An Act of Faith
After a week of watching the Howard Government attempt to explain their vision of work relations we have a clearer picture of what the social safety net will be in the future – an act of faith
Interview: The Baby Drought
Social ethicist Leslie Cannold has delved into why women - and men - are having fewer children. And it all comes back to the workplace.
Industrial: Lies, AWAs and Statistics
David Peetz uncovers the truth behind the latest statistics on earnings under Australian Workplace Agreements.
Workplace: The Invisible Parents
Current government policies about work and family do not reflect the realities of either family life or the modern workplace. writes Don Edgar.
History: Bruce’s Big Blunder
The Big Fella, Jack Lang, gives an eyewitness account of the last time Conservatives tried to dismantle Australia’s industrial relations system.
Politics: All God's Children
The battle for morality is not confined to Australian polittics. Michael Walzer writes on the American perspective
Economics: Spun Out
The business groups are feeling cocky. The feds have announced their IR changes, business says they don't go far enough. What a surprise, writes Neale Towart
International: Shakey Trials
Lyndy McIntyre argues the New Zealnd IR experiment provides warnings - and hope - for the Australian union movement.
Legal: Civil Distrubance
Tom Roberts argues that there is more at stake than an attack on building workers in the looming legsilation.
Review: Crash Course In Racism
Paul Haggis flick Crash suggests that when cars collide the extent of people's prejudices are revealed sans the usual veil of political correctness, writes Tara de Boehmler.
Poetry: You're Fired
New laws will leave bosses holding the whip and workers with a Raw Hide, writes resident bard David Peetz
Beattie Dares Job Vandals
Broken Hill Confronts "Choice"
BHP Faces Losses
Howard Threatens Babies
Working Between the Flags
Hadgkiss Makes History
Bob The Organiser
Johnny Packs Toothbrush
Security Blunders to the Max
EDI Court Out
Feds: Do As I Say …
Soaring Mercury Sparks Walk Off
Unions Offer to Play Libs
Education Stands Up To Howard Assault
Dodgy Bosses Get a Tick
Weight Watchers Raise Scales
Hyundai Showdown a Riot
Activists' What's On!
The Locker Room
Ashes to Dust
In which Phil Doyle travels to distant lands in search of a meat pie, and prepares for the joys of sleep deprivation
The Westie Wing
Ian West lists the Top Ten reasons why workers in NSW can gain some solace from having the Labor Party sitting on the Treasury benches…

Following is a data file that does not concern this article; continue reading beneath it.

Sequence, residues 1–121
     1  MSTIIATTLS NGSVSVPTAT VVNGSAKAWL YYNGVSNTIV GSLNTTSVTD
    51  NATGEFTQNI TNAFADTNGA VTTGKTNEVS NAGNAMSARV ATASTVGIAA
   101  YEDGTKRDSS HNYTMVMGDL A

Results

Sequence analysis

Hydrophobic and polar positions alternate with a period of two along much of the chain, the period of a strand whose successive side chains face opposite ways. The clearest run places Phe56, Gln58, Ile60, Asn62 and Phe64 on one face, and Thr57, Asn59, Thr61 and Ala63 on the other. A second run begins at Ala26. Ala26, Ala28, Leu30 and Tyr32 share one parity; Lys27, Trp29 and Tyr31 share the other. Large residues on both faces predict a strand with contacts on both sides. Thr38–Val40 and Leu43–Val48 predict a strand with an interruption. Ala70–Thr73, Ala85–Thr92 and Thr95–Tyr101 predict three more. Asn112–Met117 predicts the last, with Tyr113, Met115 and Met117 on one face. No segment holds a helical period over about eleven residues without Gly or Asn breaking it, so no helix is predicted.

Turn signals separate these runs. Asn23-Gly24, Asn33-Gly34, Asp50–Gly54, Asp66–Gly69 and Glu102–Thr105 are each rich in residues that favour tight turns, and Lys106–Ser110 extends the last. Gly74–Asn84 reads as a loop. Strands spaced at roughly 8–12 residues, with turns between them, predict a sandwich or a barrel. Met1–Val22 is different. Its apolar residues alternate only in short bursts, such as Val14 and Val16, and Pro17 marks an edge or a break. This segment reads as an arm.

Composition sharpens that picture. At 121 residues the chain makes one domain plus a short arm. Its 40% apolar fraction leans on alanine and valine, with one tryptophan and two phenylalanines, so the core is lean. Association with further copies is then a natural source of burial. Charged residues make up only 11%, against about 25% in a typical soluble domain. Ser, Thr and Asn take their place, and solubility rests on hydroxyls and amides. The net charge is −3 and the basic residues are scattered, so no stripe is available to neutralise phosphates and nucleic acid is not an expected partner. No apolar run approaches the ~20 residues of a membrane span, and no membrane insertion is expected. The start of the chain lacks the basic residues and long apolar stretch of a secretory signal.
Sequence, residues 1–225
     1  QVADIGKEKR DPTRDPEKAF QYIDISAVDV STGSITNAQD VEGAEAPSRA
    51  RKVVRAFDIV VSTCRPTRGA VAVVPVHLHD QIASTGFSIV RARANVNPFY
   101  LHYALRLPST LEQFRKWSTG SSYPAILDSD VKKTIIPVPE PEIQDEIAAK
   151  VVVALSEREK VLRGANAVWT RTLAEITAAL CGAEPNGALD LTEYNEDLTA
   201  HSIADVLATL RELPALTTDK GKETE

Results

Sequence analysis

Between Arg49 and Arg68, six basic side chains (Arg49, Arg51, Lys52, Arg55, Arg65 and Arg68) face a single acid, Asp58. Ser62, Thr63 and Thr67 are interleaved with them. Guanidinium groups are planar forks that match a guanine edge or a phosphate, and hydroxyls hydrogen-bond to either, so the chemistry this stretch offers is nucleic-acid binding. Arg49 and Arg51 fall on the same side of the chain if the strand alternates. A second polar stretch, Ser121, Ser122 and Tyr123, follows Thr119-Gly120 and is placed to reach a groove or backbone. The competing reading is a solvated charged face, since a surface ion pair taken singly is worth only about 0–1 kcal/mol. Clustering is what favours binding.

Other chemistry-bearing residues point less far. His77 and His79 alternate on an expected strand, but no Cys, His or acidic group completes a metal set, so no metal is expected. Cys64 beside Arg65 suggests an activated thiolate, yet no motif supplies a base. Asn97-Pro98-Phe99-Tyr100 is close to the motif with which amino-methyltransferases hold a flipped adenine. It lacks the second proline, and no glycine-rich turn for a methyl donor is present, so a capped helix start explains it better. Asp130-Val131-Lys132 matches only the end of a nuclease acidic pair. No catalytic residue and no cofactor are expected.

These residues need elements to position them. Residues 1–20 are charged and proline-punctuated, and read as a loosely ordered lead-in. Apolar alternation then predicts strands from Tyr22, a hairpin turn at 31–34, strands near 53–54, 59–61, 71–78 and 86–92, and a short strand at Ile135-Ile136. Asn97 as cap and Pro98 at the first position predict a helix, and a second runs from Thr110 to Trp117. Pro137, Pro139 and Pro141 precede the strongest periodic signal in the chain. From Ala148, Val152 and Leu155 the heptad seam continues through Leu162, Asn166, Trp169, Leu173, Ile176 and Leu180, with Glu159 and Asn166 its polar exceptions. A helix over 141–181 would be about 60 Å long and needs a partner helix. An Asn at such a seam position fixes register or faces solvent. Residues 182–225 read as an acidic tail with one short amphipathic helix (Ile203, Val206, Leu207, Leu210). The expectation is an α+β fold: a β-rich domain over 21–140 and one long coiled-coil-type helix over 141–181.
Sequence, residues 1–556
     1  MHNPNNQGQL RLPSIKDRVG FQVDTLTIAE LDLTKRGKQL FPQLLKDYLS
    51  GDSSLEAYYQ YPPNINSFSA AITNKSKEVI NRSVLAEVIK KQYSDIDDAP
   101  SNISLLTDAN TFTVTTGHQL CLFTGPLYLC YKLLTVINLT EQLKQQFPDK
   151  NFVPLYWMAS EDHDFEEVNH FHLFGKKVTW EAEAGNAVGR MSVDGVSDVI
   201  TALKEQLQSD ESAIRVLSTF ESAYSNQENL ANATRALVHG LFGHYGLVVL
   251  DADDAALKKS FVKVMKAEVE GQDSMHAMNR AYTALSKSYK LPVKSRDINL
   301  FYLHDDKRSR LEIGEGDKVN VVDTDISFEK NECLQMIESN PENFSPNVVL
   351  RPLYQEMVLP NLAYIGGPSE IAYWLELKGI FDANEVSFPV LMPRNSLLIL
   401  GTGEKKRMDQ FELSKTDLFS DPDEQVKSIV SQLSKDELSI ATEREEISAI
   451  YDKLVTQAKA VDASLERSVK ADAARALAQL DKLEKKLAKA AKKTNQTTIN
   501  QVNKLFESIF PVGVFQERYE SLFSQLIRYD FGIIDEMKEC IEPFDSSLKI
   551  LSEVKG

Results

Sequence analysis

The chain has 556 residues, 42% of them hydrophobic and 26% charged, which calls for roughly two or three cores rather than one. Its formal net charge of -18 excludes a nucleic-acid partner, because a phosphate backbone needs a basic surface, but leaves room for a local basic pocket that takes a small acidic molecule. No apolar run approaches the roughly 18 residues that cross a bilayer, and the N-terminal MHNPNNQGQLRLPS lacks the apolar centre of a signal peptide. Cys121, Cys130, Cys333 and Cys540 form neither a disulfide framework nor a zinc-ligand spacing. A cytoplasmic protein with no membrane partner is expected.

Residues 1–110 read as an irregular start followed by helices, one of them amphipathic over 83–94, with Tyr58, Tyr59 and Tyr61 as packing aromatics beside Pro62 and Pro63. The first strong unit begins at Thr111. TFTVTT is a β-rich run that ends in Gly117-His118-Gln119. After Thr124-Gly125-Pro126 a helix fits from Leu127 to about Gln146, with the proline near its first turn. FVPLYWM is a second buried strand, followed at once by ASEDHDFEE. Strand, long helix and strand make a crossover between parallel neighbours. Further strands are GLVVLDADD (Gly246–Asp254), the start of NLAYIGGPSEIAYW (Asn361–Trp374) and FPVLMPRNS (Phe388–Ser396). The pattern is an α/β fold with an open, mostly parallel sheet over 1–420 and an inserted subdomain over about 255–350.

In response to this year’s Federal Budget, Bishop Kevin Manning wrote an open letter to the Prime Minister, Mr John Howard
Remembering Workers In Cairns
Fair Go For Injured Workers
A Question Of Choice
Galahs Up The Cross
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Vic Trades Hall Council
IT Workers Alliance
Unions on LaborNET
Feds: Do As I Say …
John Howard is trousering an extra $220 a week while his Workplace Relations Minister argues Australia’s lowest-paid families should cop $11, and not a cent more.
The federal government says the low-paid already get at least $44 a week too much, and has announced plans to scupper annual minimum wage case hearings.
As the IRC considers this year's $26.60 minimum wage claim advanced by the ACTU, and vigorous counter arguments from Canberra, Howard and Workplace Relations Minister Andrews have put their hands out for 4.1 percent boosts to their salaries.
In his submission to the minimum wage bench, Andrews said Australia's lowest paid workers should not get more than a 2.35 percent increase.
Howard and Andrews will both reap substantial benefits from the Remuneration Tribunal's May ruling on executive salaries.
From July 1, Andrews wage will increase $3617 a week, while his boss will knock off more than $5600 a week.
If the government's minimum wage case argument is accepted by the IRC, Howard would make as much in four weeks and one day as a minimum wage family earned in a year.
Andrew argued, this week, that proposed changes to workplace laws, including doing away with annual minimum wage hearings, was based on his understanding of Christian principles.
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